How to Be a Good Googler
1. Evaluate the source:
- (a) Who wrote the article? (b) Are they a relevant expert?
- Who funds the site? [Go to the “About” section, also search wikipedia].
- Is the site committed to a position or are they advocates for an interest group? Check on a 3rd party website by googling the name of the website or organization.
- Is the site selling something related to the article?
- Does the article link to outside sources? If yes, are those sources reliable? Note: Many dubious websites will link to themselves or to their sister websites.
- If an article links to a study as support, check (a) was study retracted? (Google the study followed by “retracted”) (b) was is published in a credible journal? (Check by googling the name of the journal and see what 3rd party websites say about it.)
2. Many false claims, studies, myths, and misleading stories can be checked typing in [description of story or claim] + debunked. E.g., Moon landing was faked debunked. This is a good way to start you search.
3. Search within list of relevant credible websites. (See list below)
4. For political news, check mainstream and “alt” websites. Be sure to also visit fact-checking websites. Political news is perhaps the most difficult for getting the full story.
5. For general topics, wikipedia is a great place to start. It will contain links to relevant sources. Check the primary sources.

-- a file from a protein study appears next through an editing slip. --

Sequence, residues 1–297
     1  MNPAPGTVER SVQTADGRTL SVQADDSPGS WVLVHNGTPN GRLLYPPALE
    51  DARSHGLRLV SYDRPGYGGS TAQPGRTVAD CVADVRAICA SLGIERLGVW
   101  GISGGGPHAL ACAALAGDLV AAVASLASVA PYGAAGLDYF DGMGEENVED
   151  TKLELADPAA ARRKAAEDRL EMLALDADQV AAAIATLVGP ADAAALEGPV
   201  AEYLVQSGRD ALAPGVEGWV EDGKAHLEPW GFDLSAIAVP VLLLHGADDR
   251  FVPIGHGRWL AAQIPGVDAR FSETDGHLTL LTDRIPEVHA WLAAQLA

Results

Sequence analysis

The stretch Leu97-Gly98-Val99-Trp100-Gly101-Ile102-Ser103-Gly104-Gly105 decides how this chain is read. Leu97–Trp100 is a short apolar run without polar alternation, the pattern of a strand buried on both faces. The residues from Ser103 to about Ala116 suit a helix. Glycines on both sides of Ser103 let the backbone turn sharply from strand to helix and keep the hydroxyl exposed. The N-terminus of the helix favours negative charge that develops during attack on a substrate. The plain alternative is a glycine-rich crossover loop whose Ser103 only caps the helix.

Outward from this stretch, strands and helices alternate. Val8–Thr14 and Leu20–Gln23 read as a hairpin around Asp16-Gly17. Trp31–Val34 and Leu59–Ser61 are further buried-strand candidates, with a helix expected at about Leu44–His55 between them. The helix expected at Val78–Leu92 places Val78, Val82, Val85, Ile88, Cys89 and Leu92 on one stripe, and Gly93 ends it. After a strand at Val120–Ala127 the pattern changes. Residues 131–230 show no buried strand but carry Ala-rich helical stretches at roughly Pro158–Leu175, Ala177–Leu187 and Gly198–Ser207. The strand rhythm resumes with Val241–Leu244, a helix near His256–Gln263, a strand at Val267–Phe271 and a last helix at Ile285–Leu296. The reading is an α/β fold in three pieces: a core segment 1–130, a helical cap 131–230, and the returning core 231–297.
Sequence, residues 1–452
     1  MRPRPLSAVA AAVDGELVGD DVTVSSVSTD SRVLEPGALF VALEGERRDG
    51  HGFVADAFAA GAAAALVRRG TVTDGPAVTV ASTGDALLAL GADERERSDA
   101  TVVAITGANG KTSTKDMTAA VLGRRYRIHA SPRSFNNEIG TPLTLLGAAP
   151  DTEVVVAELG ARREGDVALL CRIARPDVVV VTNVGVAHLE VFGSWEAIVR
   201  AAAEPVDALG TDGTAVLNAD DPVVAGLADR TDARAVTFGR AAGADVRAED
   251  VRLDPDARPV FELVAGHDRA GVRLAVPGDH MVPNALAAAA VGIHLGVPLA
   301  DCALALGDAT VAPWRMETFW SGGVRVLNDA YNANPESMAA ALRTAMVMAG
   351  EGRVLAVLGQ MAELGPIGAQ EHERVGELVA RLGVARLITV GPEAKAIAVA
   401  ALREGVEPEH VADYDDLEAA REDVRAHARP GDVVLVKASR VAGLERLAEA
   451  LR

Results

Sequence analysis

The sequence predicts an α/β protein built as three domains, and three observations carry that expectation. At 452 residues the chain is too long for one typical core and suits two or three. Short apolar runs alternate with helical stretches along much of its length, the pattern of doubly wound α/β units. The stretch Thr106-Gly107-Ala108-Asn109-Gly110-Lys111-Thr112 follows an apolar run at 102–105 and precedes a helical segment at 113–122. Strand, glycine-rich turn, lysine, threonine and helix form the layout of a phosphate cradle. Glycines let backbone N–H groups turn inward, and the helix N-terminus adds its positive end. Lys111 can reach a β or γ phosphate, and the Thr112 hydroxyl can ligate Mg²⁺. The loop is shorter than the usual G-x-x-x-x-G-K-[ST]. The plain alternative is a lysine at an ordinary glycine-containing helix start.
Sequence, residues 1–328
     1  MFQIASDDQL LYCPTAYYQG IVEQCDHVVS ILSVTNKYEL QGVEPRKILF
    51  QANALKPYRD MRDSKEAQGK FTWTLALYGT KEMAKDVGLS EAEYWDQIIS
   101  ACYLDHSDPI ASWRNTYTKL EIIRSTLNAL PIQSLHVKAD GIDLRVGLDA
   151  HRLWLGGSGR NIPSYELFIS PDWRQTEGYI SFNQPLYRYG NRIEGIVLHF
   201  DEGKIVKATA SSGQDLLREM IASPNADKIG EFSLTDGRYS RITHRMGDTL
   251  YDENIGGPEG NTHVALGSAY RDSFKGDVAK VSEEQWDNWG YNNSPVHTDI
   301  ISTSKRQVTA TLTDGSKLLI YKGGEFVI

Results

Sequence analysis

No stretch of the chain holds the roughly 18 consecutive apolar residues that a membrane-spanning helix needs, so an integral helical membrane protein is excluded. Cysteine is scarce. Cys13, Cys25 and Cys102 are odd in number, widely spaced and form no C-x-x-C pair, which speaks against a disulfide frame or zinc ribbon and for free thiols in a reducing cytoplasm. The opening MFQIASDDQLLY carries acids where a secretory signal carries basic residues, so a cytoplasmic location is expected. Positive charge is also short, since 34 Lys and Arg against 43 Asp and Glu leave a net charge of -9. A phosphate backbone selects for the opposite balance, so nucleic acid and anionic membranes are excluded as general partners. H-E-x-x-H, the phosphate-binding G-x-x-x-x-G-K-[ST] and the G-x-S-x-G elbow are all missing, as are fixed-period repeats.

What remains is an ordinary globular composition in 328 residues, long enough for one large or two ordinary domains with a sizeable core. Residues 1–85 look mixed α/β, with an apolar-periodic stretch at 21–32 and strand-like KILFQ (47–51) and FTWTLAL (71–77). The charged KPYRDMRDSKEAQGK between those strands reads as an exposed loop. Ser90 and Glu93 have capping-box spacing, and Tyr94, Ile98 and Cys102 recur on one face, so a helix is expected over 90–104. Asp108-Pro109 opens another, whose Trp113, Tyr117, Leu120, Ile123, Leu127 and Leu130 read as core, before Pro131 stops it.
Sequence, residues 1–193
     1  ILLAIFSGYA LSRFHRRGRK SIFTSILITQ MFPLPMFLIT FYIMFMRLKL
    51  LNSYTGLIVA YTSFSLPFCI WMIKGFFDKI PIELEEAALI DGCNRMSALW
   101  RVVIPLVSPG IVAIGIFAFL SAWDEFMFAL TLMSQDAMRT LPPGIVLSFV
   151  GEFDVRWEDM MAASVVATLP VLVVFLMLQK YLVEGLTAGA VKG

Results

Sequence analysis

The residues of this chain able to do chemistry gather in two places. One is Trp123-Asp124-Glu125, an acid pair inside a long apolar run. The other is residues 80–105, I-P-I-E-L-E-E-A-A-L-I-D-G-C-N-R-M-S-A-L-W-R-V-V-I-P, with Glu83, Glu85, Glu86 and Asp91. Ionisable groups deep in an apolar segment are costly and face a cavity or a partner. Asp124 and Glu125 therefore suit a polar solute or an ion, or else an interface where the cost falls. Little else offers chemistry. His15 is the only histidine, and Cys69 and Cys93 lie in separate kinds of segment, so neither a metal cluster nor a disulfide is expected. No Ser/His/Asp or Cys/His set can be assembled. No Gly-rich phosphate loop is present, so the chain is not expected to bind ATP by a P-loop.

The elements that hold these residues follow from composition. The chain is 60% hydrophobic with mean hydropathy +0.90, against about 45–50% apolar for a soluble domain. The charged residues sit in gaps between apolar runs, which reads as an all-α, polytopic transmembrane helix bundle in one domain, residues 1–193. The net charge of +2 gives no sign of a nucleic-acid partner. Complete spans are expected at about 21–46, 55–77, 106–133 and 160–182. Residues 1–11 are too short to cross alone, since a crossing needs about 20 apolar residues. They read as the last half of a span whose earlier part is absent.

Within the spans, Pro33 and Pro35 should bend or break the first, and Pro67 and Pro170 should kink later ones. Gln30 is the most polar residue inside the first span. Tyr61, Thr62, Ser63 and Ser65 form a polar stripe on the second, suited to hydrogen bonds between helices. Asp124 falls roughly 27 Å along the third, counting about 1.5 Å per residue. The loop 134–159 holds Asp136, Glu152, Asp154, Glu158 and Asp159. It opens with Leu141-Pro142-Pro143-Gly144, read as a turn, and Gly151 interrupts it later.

List of Reliable Websites
A caveat. Reliability is a scalar rather than binary concept. In plain English, this means that reliability is a matter of degree. When I designate a source as reliable, I’m not saying it’s infallible. There are no infallible sources and to dismiss a source as unreliable merely because it commits a small number of errors would be to commit the nirvana/perfectionist fallacy. When we evaluate sources for reliability, our assessment should be comparative and one of degree. Relative to most other online sources, the sources below are reliable.
Wikipedia is a good place to start any investigation. The article will usually indicate contested claims and you can look in the footnotes to verify and assess sources and evidence. https://www.wikipedia.org/
Urban Myths and General: http://www.snopes.com/ Some people commit the nirvana fallacy when they dismiss Snopes. Snopes has made errors (just like any human endeavor) but they make fewer errors than most sources. Again, this is a good place to begin your fact checking.
Fact Checking Conspiracies and Science Denialism
General: https://www.metabunk.org/ (Links to an external site.)
9-11 Conspiracies http://www.debunking911.com/ (Links to an external site.)
Climate Change Claims https://skepticalscience.com/ (Links to an external site.)
GMO Claims http://fafdl.org/wiki/index.php?title=Biotech_Archive (Links to an external site.)
Paranormal Claims, Pseudoscience, Conspiracies: http://rationalwiki.org/wiki/Main_Page (Links to an external site.)
Politics and Economics
http://www.politifact.com/truth-o-meter/ (Links to an external site.)
http://www.factcheck.org/ (Links to an external site.)
http://www.npr.org/sections/politics-fact-check (Links to an external site.)
Stats on Gov’t Spending and Budgets: https://www.cbo.gov/ (Links to an external site.)
Stats on the Economy: https://fred.stlouisfed.org/ (Links to an external site.)
Independent Journalism: https://theintercept.com/ (Links to an external site.)
Health, Fitness, and Medical Claims
http://www.quackwatch.org/ (Links to an external site.)
http://sciencebasedmedicine.org/ (Links to an external site.)
Bodybuilding: http://bayesianbodybuilding.com/ (Links to an external site.)